01 December 2021
The Hon. R.A. SIMMS:
I rise to speak in relation to the bill requiring the disclosure of ministerial diaries. This bill is a basic transparency measure to allow the proactive disclosure of ministerial diaries. Similar legislation already exists in the ACT, while mechanisms in Queensland and New South Wales require ministers to make copies of their diaries publicly available. This practice of disclosure will help to illuminate lobbying influence, as it did in Queensland last year during their state election.
The function of this bill is straightforward. Every month, a minister would make publicly available all meetings, events and functions which relate to their professional responsibilities. These would be published on the internet.
The bill does not require disclosure of personal meetings and would permit the emission of information deemed by the minister to be contrary to the public interest. I want to assure the ministers in this place that I have no intention of wanting to read their personal diaries or to pry into their personal affairs or personal meetings. Rather, this relates simply to the meetings that relate to their professional responsibilities. The minister would have the power to deem disclosure of a meeting to be contrary to the public interest. This decision would then be subject to review by the Ombudsman or by the SACAT should a member of the public wish to contest that.
In 2019, research from the ANU revealed that the Australian public's trust in politicians has been on a downward trajectory since 2007. A report from Griffith University and Transparency International Australia revealed the number of Australians who view corruption as a big problem as being 66 per cent; so 66 per cent of Australians view corruption as being a big problem. That is two-thirds of the Australian population.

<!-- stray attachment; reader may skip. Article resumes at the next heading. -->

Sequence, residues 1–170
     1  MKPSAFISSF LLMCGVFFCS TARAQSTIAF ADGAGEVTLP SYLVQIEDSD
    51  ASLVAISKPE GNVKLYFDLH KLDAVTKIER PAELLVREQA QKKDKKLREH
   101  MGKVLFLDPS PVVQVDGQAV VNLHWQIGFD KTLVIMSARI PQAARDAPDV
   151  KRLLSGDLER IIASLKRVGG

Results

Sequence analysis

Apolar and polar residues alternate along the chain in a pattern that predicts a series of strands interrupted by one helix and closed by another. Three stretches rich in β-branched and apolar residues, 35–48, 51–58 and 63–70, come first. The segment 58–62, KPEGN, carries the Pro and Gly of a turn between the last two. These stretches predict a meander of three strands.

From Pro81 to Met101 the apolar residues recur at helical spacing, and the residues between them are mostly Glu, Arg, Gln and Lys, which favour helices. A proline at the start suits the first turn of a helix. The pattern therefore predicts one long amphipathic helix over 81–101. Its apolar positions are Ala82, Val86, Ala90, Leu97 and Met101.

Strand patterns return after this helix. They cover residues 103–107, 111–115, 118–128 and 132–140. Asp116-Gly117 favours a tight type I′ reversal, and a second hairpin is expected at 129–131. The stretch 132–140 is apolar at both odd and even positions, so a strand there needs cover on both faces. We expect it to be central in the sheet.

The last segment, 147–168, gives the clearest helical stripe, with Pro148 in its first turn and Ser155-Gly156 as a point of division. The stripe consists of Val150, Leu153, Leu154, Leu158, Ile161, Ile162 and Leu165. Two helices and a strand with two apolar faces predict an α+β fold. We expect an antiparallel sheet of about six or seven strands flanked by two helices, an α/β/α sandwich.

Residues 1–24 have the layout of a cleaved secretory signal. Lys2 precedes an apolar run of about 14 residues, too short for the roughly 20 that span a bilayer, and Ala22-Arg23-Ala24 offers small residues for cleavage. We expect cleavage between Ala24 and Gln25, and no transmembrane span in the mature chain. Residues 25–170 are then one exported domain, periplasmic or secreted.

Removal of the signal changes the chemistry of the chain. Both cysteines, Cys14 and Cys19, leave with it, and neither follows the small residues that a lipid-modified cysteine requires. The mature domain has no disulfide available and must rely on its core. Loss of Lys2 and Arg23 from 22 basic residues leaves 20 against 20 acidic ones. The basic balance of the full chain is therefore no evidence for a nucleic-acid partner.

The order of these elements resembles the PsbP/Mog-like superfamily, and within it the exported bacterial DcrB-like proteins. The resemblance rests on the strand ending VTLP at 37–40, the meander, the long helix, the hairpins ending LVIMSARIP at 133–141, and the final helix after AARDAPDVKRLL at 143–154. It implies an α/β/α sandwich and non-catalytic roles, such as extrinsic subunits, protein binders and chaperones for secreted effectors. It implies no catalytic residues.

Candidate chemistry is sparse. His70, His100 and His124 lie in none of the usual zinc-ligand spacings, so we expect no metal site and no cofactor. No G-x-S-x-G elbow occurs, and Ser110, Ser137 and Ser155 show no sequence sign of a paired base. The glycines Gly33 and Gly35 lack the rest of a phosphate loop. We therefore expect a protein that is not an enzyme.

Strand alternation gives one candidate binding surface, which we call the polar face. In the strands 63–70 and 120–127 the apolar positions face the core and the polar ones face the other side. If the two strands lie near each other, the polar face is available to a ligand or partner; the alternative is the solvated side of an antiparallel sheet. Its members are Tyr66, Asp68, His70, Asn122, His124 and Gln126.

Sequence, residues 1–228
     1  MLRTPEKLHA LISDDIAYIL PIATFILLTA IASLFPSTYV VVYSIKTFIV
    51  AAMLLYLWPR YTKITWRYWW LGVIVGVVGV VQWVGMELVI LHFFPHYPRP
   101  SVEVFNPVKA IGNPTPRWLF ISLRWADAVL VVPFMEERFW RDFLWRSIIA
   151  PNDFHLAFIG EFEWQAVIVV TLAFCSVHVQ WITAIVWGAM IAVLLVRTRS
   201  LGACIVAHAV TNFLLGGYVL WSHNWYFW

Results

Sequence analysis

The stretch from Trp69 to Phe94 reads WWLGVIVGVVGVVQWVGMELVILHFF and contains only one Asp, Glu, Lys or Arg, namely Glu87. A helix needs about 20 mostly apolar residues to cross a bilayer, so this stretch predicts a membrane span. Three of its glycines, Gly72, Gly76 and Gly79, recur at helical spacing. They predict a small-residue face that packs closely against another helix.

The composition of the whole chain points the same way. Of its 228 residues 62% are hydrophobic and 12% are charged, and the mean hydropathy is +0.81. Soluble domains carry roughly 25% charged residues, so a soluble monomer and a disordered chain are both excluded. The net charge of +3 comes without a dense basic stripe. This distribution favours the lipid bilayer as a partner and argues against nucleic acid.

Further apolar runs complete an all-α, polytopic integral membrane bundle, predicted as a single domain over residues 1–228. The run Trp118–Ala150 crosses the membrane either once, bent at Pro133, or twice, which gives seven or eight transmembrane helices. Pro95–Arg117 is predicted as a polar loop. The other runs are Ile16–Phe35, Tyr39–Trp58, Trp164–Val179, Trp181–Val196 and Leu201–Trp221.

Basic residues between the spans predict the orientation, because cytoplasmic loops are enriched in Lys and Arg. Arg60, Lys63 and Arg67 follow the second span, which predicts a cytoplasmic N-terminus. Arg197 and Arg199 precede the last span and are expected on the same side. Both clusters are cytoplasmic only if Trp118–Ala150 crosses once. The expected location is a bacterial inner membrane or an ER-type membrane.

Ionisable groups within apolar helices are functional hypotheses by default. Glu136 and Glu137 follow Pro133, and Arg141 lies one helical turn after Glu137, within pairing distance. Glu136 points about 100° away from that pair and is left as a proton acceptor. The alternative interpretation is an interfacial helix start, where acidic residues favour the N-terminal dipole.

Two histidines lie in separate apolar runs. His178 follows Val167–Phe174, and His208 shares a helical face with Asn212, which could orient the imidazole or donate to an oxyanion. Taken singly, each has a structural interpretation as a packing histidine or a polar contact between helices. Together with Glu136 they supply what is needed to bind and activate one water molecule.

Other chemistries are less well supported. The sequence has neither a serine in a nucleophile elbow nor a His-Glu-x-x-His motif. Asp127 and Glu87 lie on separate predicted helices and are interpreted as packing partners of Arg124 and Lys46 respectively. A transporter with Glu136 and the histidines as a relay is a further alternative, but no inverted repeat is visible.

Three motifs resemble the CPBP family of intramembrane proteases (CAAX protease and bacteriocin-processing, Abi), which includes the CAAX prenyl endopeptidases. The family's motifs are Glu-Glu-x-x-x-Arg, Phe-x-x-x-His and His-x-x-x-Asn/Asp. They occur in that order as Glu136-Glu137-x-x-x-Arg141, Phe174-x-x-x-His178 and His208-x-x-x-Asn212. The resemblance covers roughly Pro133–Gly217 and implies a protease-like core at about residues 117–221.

Encouraging greater levels of transparency is an important step in restoring trust. Raising the bar of political transparency has been a long-term project of the Greens. We have been at the forefront of campaigns and advocacy for anticorruption commissions, lobbying reform, caps on political donations and accountability federally, and at a state level. Nobody should be above scrutiny in our democracy. Sunlight is the best disinfectant. We should let the sunlight in.
This measure when used in combination with a lobbyist register, which we have in place in South Australia, will help South Australians see very clearly who is lobbying members of parliament, who is seeking to exert influence over government ministers, and what interest groups do they represent. The public has a right to know who has the ear of those in power and this bill would ensure that that information is freely available to them.
This is not some sort of test dummy that I am proposing. This is an approach that has already been taken in the ACT, and in Queensland and in New South Wales they also have mandated disclosure regimes of this nature. This would really bring South Australia into line. My hope is that, no matter which party is in government from March next year, they will support this sensible reform. If we have the opportunity to sit again in the new year, and if the Liberals do not succeed in their plan to shut down our parliament as they attempted to do during the last sitting period—
The Hon. T.J. Stephens interjecting
The Hon. R.A. SIMMS: I hear the Hon. Terry Stephens laughing. He knows it is true.
The PRESIDENT: The Hon. Terry Stephens is out of order!
The Hon. R.A. SIMMS: We all saw what they tried to do to avoid scrutiny in this place. If they fail in that effort and if we return in the new year, then I do plan to bring this bill to a vote, because it is an important transparency measure and it is one that I think the people of South Australia will support. If I do not have the opportunity to deal with this matter before the election, should I have the honour of being returned to this place, I will certainly move on this again in the new parliament. With that, I conclude my remarks.